My primary research interests are around computer vision, 3D vision, probabilistic/generative methods particularly for dense prediction, biological vision (including the creation of prosthetic vision) and saliency and salient object detection.
Congratulations to Sahir Shrestha, Best paper at DICTA 2021.
Two papers accepted into AAAI 2022: congratulations Siyuan and Jing.
Two papers accepted into WACV 2021 and one to WACV workshops, congratulations Weixuan, Jiawei, and Kaiyue.
Two papers accepted into NeurIPS 2021: congratulations Sameera and Jing.
One paper accepted into ICCV 2021, congratulations Jing.
Paper Accepted in IEEE-PAMI:
Learning Saliency from Single Noisy Labelling: A Robust Model Fitting Perspective, J Zhang, Y Dai, T Zhang, MT Harandi, N Barnes, R Hartley, in IEEE Transactions on Pattern Analysis and Machine Intelligence, accepted, available for early access, 2021.
Three papers accepted into CVPR 2021, congratulations Shi, Wangbo, Yunqiu
Simultaneously Localize, Segment and Rank the Camouflaged Objects, Yunqui Lv, Jing Zhang, Yuchao Dai, Aixuan Li, Bowen Liu, Nick Barnes, Deng-Ping Fan Weakly Supervised Sailent Object Detection, Wangbo Zhao, Jing Zhang, Long Li, Nick Barnes, Nian Liu, Junwei Han Semantic Segmentation for Real Point Cloud Scences via Bilateral Augmentation and Adaptive Fusion, Shi Qiu, Saeed Anwar, Nick Barnes
Paper accepted in ICLR 2021.
Conditional Generative Modeling via Learning in the Latent Space, Sameera Ramasinghe, Kanchana Nisal Ranasinghe, Salman Khan, Nick Barnes, Stephen Gould
I lead a project with the ANU-Optus Bushfire Research Centre of Excellence to detect Bushfires from Fire-towers.
I’m a lead investigator on a project that is developing computer vision research to assist the visually impaired. We are continuing work on this with our partners at Bionic Vision Techologies, The Centre for Eye Research Australia, The Bionics Institute, and Health@CSIRO.
The vision processing for prosthetic vision homepage.
See link for some of the media coverage of our 2014 human mobility trials.
From 2010 to 2015 this was funded by by the Australian Research Council through Bionic Vision Australia.
The Bionic Vision Australia partnership developed an Australian bionic eye implant that can restore a sense of vision to profoundly blind individuals. Vision processing is a key part of this approach. This has now become Bionic Vision Technologies, a start-up completing clinical trials with implanted participants.
I am interested in developing algorithms that replicate useful aspects of biological visual performance. This is to develop therapies for vision loss such as retinal implants and assistive devices, as well as to develop better algorithms for computer vision.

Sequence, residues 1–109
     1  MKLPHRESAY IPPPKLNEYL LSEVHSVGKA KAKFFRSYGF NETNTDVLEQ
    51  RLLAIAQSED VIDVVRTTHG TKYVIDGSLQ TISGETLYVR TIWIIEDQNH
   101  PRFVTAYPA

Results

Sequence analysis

PhD students: Current: Weixuan Sun (with Jing Zhang, Weakly Supervised segmentation) Jiawei Liu (with Jing Zhang, Binary segmentation (camouflage, saliency, including semi-supervised), and uncertainty) Peipei Song (with Piotr Konsiuz) Changkun Ye (with Lars Peterson and Russel Tsuchshida) Shi Qiu (with Saeed Anwar) Riukai Cui (with Saeed Anwar) Sahir Shrestha (with Lars Peterson and Russel Tsuchshida)
Lin Li (with Salman Khan)
Submitted: Kaiyue Liu Sameera Ramasinghe Graduated: Jing Zhang Moshiur Farazi (with Salman Khan) Shafin Rahman (with Salman Khan), Winner JG Crawford Prize for PhD Thesis Cedric Scheerlinck (With Rob Mahony) David Feng John Lim Chris McCarthy Lachlan Horne John Lim Pengdong Xiao (with Tiberio Caetano and Paulette Lieby) Samunda Perera Tao Wang (with Xuming He) Andrew Dankers David Shaw Chris McCarthy (with Mandyam Srinivasan (RSBS, ANU) and Giulio Sandini (LIRA Lab, Uni of Genoa, Italy) Gavin Baker
Graduated: Andrew Dankers developed a mechatronic simulation of active dynamic human visual saliency incorporating inhibition of return. This managed fixations across items of interest in a moving scene with an active stereo head, and via fixation with the zero disparity field and a Markov random field approach segmented objects corresponding to the points of interest.
Graduated: As part of his PhD Chris McCarthy has developed new models for visual docking from optical flow based on the spherical view field of honeybees. By using the sperhical vision model we are able to construct algorithms that rapidly recover time-to-contact for obstacles in the environment.
Graduated: John Lim is using the features of spherical vision to develop new algorithms for recovery of self motion.
We have looked at visual navigation using a fixated log-polar camera. Projects have developed corner-based fixation and direction control for docking a fixated object using only visual paramters, specifically, the rotational component of log-polar optical flow. We have also developed a new space variant form of the Hough transform that improves the detection of lines in log-polar images.
Corner tracking for a simple corner under robot motion.
Corner tracking in an office scene under robot motion.